In order to install 4@6V batteries to provide 12V with double the capacity of one of them, you would need to install them as shown in the final drawing (series/parallel). Was the starter battery in one bay and the house batteries in the other bay or are there still two separate bays with cables
laying in there? Do any of the cables
go from one bay to the other or do you have a red and black running to each bay from a copper bus bar or terminal block near the alternator
? Is the engine alternator
the sole source of charging for the batteries at the moment?
The following excerpt is from How Lead Acid Batteries Work
Most marine, automotive, and RV applications use 12V DC. You have the choice to either buy a 12V battery or to create a 12V system by wiring
several lower-voltage batteries/cells in Series
When two 6V, 100Ah batteries are wired in Series
, the voltage is doubled but the amp-hour capacity remains 100Ah (Total Power = 1200 Watt-hours).
You may decide to wire batteries in series because a single
12V battery with the right storage
capacity is simply too heavy, unwieldy, or awkward to lift
into place. Batteries consisting of fewer cells (and hence lower voltage) in series can provide the same storage
capacity yet be portable. It is not unusual to see solar power installations where the battery bank consists of a sea of 2V batteries that have been wired in series.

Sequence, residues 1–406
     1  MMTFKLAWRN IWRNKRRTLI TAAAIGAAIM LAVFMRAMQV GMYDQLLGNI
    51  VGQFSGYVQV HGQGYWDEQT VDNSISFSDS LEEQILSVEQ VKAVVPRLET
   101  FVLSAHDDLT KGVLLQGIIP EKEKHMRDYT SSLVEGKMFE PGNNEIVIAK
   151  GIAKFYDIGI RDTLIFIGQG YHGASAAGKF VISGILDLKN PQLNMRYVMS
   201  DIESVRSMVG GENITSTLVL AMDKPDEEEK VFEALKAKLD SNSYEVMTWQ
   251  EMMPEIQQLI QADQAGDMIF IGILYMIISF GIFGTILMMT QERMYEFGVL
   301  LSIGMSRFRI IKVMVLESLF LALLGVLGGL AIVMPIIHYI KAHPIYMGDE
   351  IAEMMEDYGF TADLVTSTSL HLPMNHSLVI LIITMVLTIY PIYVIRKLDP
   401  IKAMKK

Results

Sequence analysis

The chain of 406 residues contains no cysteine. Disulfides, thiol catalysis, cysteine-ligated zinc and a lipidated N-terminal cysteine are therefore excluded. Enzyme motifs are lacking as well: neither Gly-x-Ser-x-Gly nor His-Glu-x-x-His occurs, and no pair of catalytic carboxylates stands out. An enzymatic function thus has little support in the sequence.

Two 6V, 100Ah batteries wired in Parallel
will have a total storage capacity of 200Ah at 6V (or 1200 Watt-hours).
Battery banks consisting of 12V batteries wired in parallel are often seen on OEM installations in boats and RVs alike. Such banks are simple to wire up and require a minimum of cabling. However, the wiring must have the capacity to deal with a full battery bank.
You should fuse each battery individually in such a bank to ensure that a battery gone bad will not affect the rest of the bank.
Battery banks wired in Series-Parallel
are even more complicated. Here, four 6V cells are wired in two "strings" of 12VDC that were then wired in parallel. Using 6V, 100Ah batteries, this system will have a storage capacity of 200Ah at 12V or 2,400Wh.
Since such a system has more wiring, it is very important to group "strings" logically and to label everything. Furthermore, it is a very good idea to fuse every "string" of series-wired batteries to ensure that a problem in one part of the battery bank does not take the whole bank down.